On Wednesday 27 February 2013, a new searchable database of Slave Ownership was launched, based on records of the £20m compensation paid to slave owners for the loss of their ‘property’, following emancipation in 1833. The database may be accessed at http://www.ucl.ac.uk/lbs/
The website launch has had a remarkable impact, with over 70,000 hits in the first two days. It is easy to use and readily searchable (try searching some familiar names and addresses: Bedford Square, Gower Street, Kingston-Upon-Thames…).
At the launch event, which included a lecture by Catherine Hall entitled Towards a new past: the legacies of British Slave-ownership, I was asked to comment on the significance of the project. Below is a summary.
This remarkable project raises far-reaching questions about the purposes and functions of history in the public domain. It is an exemplar of a genuinely public history, engaged in public communication and exchange of ideas not as an afterthought but as integral to the business of history-making. Public history, however it is defined, encompasses various varieties of historical knowledge, offical and unofficial, national and local, academic and popular, biographical and family; and, at its best, it enables and encourages dialogue between them.
If the language of ‘public history’ can sometimes have a somewhat impersonal and even bloodless air, this project shows us just how far it can engage with the life experience of individuals and families; and can be very much alive and in the present, of substantial public interest. There are many other words which, historically, have been used to convey that ‘presentness’ of history-making – heritage amongst them – but perhaps after all ‘public history’ is the best term we have to describe what is necessarily an active and a shared project.
The age of enumeration
As a large-scale database project, this is necessarily a team effort. At its core lies the quantitative data originally generated by the process of making compensation to slave-owners deprived of their ‘property’ by emancipation in 1833. The project seeks to situate these financial transactions in multiple contexts – economic, social, geographical, generational – so that networks and flows can be traced across space and time. In the process, it promises to reconnect the body of data with the lived and material realities of slave ownership both in Britain and in the colonies, notably in the Caribbean. This requires the combination of a variety of different kinds of expertise.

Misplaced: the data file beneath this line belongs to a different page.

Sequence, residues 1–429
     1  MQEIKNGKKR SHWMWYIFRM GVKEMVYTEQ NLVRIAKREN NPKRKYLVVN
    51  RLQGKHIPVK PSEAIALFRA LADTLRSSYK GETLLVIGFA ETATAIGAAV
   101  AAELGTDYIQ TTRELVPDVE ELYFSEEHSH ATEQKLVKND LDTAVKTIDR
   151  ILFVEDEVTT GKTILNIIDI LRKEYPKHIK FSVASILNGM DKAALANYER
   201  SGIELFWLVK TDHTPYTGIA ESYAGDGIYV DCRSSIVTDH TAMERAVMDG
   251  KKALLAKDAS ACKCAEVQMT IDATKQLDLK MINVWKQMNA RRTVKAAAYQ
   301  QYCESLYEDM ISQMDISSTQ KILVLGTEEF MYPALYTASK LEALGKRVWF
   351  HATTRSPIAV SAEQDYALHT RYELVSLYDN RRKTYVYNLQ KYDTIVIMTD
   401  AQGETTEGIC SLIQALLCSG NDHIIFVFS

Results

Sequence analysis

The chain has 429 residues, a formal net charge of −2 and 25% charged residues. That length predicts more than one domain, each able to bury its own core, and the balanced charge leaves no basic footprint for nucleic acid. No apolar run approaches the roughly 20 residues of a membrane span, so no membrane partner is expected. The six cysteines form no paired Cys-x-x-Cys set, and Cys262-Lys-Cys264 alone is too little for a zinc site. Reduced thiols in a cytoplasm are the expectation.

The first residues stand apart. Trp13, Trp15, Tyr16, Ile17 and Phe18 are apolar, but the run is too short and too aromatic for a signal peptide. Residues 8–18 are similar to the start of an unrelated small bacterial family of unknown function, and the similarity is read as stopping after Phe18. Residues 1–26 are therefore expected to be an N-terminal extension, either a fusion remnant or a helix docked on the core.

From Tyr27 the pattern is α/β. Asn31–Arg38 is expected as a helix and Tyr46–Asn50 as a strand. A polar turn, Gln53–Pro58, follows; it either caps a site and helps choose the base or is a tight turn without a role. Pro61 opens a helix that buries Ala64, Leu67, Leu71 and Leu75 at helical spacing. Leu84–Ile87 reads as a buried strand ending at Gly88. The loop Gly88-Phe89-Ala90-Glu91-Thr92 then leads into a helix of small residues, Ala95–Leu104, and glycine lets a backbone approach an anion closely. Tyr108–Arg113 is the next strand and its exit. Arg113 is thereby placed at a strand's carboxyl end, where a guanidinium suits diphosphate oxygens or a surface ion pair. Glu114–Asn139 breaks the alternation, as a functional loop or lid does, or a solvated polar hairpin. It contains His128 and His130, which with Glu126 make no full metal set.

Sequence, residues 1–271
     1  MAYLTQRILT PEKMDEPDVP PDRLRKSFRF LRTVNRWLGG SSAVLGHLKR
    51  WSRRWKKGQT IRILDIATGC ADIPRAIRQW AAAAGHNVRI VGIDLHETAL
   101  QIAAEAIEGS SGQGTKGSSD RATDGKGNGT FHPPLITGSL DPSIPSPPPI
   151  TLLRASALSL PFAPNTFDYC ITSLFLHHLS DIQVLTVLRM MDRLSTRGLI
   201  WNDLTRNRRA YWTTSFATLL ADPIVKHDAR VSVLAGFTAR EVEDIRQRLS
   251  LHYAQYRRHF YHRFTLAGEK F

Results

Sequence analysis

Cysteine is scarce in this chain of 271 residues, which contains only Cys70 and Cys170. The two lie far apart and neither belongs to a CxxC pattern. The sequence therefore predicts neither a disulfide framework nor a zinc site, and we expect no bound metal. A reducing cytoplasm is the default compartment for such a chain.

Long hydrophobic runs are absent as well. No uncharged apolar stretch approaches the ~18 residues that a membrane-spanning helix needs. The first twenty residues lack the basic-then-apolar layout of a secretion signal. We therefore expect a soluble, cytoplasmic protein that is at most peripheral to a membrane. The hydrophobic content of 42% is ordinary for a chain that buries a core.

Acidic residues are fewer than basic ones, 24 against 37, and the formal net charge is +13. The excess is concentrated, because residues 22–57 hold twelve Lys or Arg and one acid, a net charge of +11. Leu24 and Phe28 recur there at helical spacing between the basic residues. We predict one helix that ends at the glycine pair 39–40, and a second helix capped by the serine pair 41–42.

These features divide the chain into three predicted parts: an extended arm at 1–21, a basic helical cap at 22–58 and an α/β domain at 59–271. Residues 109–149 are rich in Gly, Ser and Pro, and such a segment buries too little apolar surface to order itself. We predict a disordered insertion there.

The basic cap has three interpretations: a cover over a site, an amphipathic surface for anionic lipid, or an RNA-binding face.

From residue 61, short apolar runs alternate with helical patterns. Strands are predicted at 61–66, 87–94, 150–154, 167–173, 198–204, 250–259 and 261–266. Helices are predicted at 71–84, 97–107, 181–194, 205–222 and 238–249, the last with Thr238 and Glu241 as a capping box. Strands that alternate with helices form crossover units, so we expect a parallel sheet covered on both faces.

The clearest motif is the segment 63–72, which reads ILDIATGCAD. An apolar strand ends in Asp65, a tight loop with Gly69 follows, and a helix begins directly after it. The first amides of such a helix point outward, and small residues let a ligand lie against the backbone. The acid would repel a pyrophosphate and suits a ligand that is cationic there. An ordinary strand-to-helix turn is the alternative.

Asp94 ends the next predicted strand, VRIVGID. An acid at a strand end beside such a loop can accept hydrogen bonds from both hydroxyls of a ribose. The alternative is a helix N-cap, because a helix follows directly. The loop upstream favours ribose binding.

The award of £20m in compensation to the owners of slaves represented a huge expenditure of government moneys, and naturally it was carefully accounted for in parliament, with payments to named individuals registered in pounds, shillings and pence. Of course this record enumerates property, not suffering; its very existence depended on a sense of entitlement, not loss. Each slave, whether old or young, man or woman, able-bodied or infirm, had their price, which also varied across the colonies. Alongside the record of compensation, the Commissioners charged with administering the process accounted carefully for their own expenses, including the costs of paper, furniture and provisions, and the wages of their servants. This was after all an accounting exercise, typical of its time – what Bentham might have called the age of enumeration.
If the original process of enumerating the value of slaves required a certain sort of teamwork, evidently the reinterpretation of this data (its form as well as its content) required another. The Legacies of British Slave Ownership project brings together a wide variety of expertise in aspects of finance, law, trade, social, cultural and political history. Turning numbers back into a living history is necessarily a collective effort.
The first phase of this project was funded by the Economic and Social Research Council (ESRC); the next phase is co-funded with the AHRC. It is worth highlighting the large-scale and long-term nature of this support, for more than routine reasons. It is funding of this kind, from the public purse, that is enabling an excellent team of historians to work in classically historical ways, bringing their scholarship to bear on questions of importance both to academic researchers and to a much wider community.
At the heart of this project is a fundamental commitment to the idea of the social in social science – to social history, in fact. This is a commitment which consistently underpins the work of Catherine Hall herself, from her co-authored book with Leonore Davidoff on Family Fortunes (1987), focussing on gender and middle class formation in industrializing Britain, to her more recent concerns with culture and empire on a larger stage. Here ‘the social’ is no longer locally or nationally bounded: in a world of connected histories, it is the interdependence of British and colonial histories that really matters. And in this project, we see a very material realization of that concern with connection, from the local to the global.
The enumeration of the value of the property held in the bodies of slaves, a precursor to the payment of large sums of taxpayers’ money in compensation to slave-owners, was an integral part of the process by which slave emancipation came to be approved by the British parliament in 1833. Subsequently, in the retrospective glow of British anti-slavery, the significance of that vast transfer of wealth was lost. Its recovery and transformation into a useable and accessible form of historical evidence today – in the form of this remarkable online database – reminds us that behind ‘our island story’ there are many others, some near at hand and some far distant. Making the data available is a vital step to reconstituting some of the connections that have made our society what it is today.
31 March 2013
- Britain’s massive debt to slavery | Catherine Hall (guardian.co.uk)